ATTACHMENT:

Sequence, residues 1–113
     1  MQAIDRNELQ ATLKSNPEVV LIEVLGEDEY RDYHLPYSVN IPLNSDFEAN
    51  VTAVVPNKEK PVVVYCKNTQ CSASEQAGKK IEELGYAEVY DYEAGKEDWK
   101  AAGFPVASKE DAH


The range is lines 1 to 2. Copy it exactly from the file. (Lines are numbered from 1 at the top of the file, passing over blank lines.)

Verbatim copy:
Sequence, residues 1–113
     1  MQAIDRNELQ ATLKSNPEVV LIEVLGEDEY RDYHLPYSVN IPLNSDFEAN